The second element is exclusively subjective. The only thing considered is the person’s intention. It must be established that the person intended to defend themselves, rather than continue to commit the crime in progress.

The third element is purely objective, as the two other elements are used to determine the third. It must be decided what kind of reasonable grounds the person had regarding the threat and what that person’s subjective intention was. All that is taken into account when deciding whether the person acted reasonably.

11:15 a.m.

NDP

Françoise Boivin Gatineau, QC

Some of our witnesses told us that there may be an imbalance between the objective and the subjective criteria. Objective elements outnumber the subjective ones, although the issue is highly explosive, figuratively speaking.

In the heat of the moment....

11:15 a.m.

Senior Counsel, Criminal Law Policy Section, Department of Justice

Joanne Klineberg

I don’t think that’s the case for the three elements that define self-defence. As for the factors the court can consider, they are defined objectively. However, when deciding what is reasonable in the circumstances, the court or jury may take into account the person’s subjective thoughts.

11:15 a.m.

Conservative

The Chair Dave MacKenzie

Thank you.

Ms. Findlay.

11:15 a.m.

Conservative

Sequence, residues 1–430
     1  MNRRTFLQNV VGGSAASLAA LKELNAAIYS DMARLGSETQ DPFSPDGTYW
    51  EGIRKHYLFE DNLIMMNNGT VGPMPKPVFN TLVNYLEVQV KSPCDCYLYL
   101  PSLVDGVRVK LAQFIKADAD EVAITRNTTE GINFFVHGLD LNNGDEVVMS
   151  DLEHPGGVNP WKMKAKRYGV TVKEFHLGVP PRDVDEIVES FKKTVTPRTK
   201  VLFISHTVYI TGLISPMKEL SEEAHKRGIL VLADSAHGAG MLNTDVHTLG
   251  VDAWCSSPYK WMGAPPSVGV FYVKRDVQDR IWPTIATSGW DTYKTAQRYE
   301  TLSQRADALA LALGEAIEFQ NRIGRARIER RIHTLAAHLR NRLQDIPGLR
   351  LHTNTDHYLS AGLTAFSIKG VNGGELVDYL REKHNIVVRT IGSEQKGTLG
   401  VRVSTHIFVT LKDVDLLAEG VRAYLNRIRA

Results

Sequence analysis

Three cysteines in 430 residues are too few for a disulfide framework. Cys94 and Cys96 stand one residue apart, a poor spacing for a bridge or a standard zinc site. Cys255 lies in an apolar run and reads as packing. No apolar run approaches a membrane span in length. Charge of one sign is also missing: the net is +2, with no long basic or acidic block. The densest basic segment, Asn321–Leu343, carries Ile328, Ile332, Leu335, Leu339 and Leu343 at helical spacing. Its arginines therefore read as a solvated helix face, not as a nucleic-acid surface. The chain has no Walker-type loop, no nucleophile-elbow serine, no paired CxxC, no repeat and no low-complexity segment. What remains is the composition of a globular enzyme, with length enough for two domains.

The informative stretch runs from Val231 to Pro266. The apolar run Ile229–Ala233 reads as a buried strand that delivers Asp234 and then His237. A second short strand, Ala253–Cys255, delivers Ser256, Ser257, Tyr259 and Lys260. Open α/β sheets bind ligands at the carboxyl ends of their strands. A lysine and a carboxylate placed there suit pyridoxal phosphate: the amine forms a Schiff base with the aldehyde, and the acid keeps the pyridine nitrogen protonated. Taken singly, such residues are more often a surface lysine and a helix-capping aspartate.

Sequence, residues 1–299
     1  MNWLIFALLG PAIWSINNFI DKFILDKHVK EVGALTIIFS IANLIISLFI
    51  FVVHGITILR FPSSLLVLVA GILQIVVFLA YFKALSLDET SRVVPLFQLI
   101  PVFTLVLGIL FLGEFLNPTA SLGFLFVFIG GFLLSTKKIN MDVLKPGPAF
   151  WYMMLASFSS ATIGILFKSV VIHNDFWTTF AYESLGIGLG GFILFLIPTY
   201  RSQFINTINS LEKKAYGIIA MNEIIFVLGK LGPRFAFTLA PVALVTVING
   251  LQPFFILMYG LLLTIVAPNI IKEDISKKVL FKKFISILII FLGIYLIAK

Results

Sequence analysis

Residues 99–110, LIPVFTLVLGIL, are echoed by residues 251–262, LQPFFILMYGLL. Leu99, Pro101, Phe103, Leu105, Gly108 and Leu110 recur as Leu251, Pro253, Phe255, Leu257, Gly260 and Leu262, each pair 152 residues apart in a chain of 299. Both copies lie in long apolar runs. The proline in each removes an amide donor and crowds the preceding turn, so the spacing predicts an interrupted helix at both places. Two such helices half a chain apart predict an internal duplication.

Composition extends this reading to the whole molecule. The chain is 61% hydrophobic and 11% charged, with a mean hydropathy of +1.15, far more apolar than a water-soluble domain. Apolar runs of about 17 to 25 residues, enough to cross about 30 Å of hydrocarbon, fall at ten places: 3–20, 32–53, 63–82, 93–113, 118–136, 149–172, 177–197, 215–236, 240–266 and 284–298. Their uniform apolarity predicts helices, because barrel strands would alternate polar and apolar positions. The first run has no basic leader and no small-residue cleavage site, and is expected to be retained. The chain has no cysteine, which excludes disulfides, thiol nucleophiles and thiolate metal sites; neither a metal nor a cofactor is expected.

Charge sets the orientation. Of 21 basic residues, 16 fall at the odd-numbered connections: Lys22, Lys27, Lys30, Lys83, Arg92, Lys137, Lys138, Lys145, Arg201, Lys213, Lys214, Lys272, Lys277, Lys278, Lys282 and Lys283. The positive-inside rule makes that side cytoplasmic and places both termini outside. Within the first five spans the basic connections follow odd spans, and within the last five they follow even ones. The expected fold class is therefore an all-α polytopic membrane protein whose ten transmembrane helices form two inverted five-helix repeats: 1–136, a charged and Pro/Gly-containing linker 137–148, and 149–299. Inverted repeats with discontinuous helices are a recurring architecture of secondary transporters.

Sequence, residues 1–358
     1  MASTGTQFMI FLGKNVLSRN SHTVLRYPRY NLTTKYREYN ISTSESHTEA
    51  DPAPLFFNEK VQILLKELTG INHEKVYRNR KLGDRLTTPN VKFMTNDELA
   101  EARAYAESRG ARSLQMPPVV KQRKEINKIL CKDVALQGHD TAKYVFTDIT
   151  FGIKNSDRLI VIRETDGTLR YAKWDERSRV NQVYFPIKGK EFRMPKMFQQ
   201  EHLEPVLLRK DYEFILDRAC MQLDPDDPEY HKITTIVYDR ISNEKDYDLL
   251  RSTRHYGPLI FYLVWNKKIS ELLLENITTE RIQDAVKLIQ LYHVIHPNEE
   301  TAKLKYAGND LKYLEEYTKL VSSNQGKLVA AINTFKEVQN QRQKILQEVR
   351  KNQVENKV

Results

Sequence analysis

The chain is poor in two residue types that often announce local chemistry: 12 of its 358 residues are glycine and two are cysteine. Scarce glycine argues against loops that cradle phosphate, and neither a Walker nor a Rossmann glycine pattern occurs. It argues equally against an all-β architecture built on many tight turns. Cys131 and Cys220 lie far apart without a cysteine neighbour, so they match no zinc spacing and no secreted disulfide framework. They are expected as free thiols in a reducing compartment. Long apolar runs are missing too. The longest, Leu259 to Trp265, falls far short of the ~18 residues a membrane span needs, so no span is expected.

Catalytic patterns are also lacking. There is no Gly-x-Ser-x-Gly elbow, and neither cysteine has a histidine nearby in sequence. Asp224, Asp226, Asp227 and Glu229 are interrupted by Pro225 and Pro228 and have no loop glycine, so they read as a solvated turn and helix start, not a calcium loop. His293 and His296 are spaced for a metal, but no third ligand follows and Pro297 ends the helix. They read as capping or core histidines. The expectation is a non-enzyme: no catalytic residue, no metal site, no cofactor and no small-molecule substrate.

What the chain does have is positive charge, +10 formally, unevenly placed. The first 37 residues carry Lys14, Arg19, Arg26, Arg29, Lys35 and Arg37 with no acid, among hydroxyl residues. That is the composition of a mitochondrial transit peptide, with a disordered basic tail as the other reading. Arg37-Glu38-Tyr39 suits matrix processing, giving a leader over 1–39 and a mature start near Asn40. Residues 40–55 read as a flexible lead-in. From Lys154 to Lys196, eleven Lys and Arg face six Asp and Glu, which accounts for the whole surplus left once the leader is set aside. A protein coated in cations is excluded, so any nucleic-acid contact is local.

Kerry-Lynne Findlay Delta—Richmond East, BC

Thank you. Thank you to both of you for bringing some clarity, hopefully, here today.

I was particularly interested in your comments, Mr. Klineberg, on “finds committing” because that was an area that was causing some of the witnesses, and I think some of us, some concern in understanding it. I am not concerned about the use of the term “reasonableness” because the courts do deal with this every day, and we have such a history of jurisprudence in that area that I think it's pretty clear where we're going there.

You mentioned, in dealing with “finds committing”, that the case law talked about reasonable belief and reasonable inference. I was wondering if you would just comment on how that is a different test from reasonable and probable grounds, which is something law enforcement deals with all the time but is not in this legislation, in those words at least.

11:20 a.m.

Senior Counsel, Criminal Law Policy Section, Department of Justice

Joanne Klineberg

That's a good question. I don't think there's very much of a difference between those concepts. In fact I think much of the jurisprudence that deals with citizen's arrest when it comes to the core issues of “finds committing” and the nature of the offences and so on...the jurisprudence that deals with arrest by peace officers is looked to when a court is dealing with an arrest by a citizen. In other words, when we are talking about arrest without a warrant, which the police also have the power to do in certain circumstances, the elements would be interpreted in much the same way. So there would be consistency there.

11:20 a.m.

Conservative

Kerry-Lynne Findlay Delta—Richmond East, BC

Thank you.